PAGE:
What player compensation is to many of you, conference realignment is to me. Anathema.
Realignment has proven itself to be a money-grubbing chase that’s destroyed some of the classic rivalries of my youth, like Oklahoma-Nebraska, stretched conferences in absurd geographic attempts to add television markets regardless of the mediocrity they’re forced to absorb (well played, ACC and Big Ten) and created a scheduling mess in the SEC that the conference is still struggling with almost a decade later.
But Jim Delany did earn a $20 million bonus, so there’s that. But I digress.
Anyways, I don’t know if it’s because of Connecticut’s move back to the Big East (a rare example of a conference jump driven by basketball rather than football) or that it’s simply July, or, more likely both, but there’s been plenty of pundit chatter about realignment of late, perhaps headlined by it being featured at The Athletic.
I’ve ignored most of it, because it’s a dreary subject for me, but then Stewart Mandel had to weigh in on the future of realignment ($$) and I couldn’t resist because I was curious what he might have to say about the Georgia program, which, as we all know, never has quite measured up on the national stage in Mandel’s opinion, forged as it is in the wisdom of 100 random Montanans.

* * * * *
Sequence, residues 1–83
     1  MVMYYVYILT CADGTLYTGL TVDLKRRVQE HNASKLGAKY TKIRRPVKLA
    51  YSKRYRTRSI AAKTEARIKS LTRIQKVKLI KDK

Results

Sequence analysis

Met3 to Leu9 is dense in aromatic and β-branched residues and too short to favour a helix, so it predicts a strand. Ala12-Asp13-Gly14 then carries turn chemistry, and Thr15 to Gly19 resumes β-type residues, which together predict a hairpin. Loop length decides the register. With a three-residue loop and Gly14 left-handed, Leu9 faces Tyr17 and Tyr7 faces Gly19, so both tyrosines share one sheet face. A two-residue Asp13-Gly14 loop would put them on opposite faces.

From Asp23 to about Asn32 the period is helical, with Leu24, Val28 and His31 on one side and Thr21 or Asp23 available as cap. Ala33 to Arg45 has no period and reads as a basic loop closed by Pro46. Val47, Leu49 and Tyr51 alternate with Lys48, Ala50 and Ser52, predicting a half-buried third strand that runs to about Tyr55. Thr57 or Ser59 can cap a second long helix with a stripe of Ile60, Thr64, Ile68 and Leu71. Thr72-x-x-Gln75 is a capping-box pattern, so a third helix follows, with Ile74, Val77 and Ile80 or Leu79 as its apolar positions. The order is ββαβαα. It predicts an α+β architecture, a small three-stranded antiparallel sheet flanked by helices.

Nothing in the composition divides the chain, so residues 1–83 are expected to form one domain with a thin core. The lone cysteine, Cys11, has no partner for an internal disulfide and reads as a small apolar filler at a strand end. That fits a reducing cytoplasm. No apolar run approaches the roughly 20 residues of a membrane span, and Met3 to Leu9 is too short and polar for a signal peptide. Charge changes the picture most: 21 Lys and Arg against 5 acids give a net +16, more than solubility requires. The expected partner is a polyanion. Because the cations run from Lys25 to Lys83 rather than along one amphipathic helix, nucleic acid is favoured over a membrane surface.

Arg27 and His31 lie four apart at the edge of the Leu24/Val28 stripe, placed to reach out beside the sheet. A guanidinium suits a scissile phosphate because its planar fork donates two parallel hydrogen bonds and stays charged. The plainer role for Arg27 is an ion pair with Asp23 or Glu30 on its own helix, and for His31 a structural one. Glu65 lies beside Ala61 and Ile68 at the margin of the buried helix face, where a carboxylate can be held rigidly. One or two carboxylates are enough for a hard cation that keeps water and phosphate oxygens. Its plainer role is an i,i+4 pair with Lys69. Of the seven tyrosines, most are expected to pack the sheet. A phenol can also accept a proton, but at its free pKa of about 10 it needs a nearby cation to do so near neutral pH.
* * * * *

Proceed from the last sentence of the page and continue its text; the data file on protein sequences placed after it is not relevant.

Well, I have good news of a sort for you. Georgia is moving up in his estimation. As an example, at one point he refers to “brand-name foes like Georgia, Clemson and Florida State”.
Then there’s his discussion of this:
From a purely business standpoint, the most profitable move the biggest brand-name programs could make is to divorce themselves from the lower-tier brands in their own conferences that they are essentially subsidizing. Break off from the NCAA — in football only — and form a Premier League of sorts with the bluebloods from the other power conferences.
That culminates in this chart of what Mandel describes as “an exclusive league of the 24-32 most recognizable programs”.
On the one hand, Georgia. On the other… Tennessee?
Now, before you go there, I, like others, happen to think there are a lot of holes in the concept, but in terms of recognition, it looks like Mandel and Montana are warming up to that program in Athens. All it took was moving from the Middle Ages to the Gilded Age to get there.